(Bloomberg) — The second health-care worker diagnosed with Ebola in Texas flew from Cleveland to Dallas hours before she reported her symptoms, U.S. officials said.
The caregiver caught the deadly virus while treating patient Thomas Eric Duncan at Texas Health Presbyterian Hospital in Dallas earlier this month. She flew to Dallas on Frontier Airlines flight 1143 the night of Oct. 13, according to a e- mailed statement by the U.S. Centers for Disease Control and Prevention. She then reported symptoms the next morning.
“Because of the proximity in time between the evening flight and first report of illness the following morning, CDC is reaching out to passengers,” the agency said. The plane had 132 passengers, the CDC said.
The flight was the last of the day for the aircraft, which returned to service the next day after receiving “a thorough cleaning per our normal procedures,” Frontier Airlines said in a statement. It has since been taken out of service.
What Your Peers Are Reading
The health worker originally traveled to Cleveland from Dallas on Frontier flight 1142 on Oct. 10, the airline said. The CDC didn’t say that it was contacting people on that flight. Ebola is only contagious while a person is symptomatic.
Frontier is owned by Indigo Partners LLC, a unit of private equity and asset management firm Carlyle Group LP.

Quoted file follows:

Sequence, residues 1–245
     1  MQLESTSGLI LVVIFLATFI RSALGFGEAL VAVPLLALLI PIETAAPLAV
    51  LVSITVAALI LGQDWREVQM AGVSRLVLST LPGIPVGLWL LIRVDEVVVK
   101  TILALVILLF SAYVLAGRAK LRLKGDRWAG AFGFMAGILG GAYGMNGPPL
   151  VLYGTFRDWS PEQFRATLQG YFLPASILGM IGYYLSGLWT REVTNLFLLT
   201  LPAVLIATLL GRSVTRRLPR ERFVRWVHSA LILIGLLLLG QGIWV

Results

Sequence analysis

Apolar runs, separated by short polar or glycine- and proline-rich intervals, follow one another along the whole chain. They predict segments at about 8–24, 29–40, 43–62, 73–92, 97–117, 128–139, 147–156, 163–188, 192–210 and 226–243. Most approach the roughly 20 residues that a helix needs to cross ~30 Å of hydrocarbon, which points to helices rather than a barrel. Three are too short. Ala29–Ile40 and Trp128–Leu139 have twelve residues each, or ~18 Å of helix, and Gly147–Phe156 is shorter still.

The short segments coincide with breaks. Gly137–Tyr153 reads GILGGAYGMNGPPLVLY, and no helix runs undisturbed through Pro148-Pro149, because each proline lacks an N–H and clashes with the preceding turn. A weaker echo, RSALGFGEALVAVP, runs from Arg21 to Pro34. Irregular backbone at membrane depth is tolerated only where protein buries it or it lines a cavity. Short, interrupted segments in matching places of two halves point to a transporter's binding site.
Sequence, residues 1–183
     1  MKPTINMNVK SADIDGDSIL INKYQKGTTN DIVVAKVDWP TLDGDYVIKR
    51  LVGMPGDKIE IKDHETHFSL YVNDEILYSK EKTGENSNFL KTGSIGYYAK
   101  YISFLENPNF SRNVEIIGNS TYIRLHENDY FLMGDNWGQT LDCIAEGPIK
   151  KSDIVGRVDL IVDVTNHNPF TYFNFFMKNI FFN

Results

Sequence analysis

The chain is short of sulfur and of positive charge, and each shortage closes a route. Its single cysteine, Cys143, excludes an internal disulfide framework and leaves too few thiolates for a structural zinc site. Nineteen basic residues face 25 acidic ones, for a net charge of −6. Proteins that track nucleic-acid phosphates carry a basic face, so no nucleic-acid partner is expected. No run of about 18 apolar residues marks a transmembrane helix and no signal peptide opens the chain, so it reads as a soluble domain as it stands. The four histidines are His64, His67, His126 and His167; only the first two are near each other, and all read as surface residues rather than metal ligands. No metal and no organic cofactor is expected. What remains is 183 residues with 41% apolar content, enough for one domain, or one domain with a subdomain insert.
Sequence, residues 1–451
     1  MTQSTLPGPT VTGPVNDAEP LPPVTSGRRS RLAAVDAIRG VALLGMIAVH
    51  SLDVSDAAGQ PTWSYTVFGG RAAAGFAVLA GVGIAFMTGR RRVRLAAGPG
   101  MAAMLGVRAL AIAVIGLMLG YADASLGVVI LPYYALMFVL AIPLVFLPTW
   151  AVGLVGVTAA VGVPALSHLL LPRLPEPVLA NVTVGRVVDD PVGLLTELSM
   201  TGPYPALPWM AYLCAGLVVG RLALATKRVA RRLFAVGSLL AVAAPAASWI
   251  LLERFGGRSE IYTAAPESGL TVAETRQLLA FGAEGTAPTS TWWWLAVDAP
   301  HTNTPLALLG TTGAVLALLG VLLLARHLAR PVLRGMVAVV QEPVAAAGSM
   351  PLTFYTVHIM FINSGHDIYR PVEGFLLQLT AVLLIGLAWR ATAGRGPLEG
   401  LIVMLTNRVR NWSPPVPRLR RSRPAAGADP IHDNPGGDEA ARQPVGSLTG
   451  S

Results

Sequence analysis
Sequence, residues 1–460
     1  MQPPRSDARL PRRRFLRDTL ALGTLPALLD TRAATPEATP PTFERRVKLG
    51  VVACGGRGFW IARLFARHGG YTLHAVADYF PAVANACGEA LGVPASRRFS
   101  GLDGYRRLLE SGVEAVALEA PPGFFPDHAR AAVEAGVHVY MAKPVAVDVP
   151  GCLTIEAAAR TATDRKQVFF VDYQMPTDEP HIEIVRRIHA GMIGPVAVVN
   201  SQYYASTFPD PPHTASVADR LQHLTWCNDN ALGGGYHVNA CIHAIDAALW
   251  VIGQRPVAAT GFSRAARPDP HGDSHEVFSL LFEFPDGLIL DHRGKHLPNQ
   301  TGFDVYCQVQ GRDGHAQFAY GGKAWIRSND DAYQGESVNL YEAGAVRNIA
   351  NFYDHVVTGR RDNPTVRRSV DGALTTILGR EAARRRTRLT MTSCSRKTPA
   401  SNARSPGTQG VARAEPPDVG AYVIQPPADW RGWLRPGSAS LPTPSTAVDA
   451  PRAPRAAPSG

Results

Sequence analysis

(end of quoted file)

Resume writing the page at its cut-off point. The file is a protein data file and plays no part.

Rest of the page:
This is the second health-care worker infected with Ebola while caring for Duncan, a Liberian visitor to the U.S. who died at the hospital on Oct. 8.
Allowed to fly?
Sana Syed, a spokeswoman for the city of Dallas, said she didn’t know why the caregiver was allowed to fly. She said news accounts this morning were the first the city has heard about it.
“That’s a CDC question,” Syed said in a telephone interview. “We’re trying to figure that out for ourselves.”
Thomas Frieden, director of the CDC, said while the health worker was self-monitoring for potential symptoms after caring for Duncan, “because at that point she was in a group of individuals known to have exposure to Ebola, she should not have traveled on a commercial airline.”
Frieden said the new patient didn’t have a fever, nausea or vomiting on the plane from Cleveland to Dallas, suggesting “that the risk to any around that individual would have been extremely low.”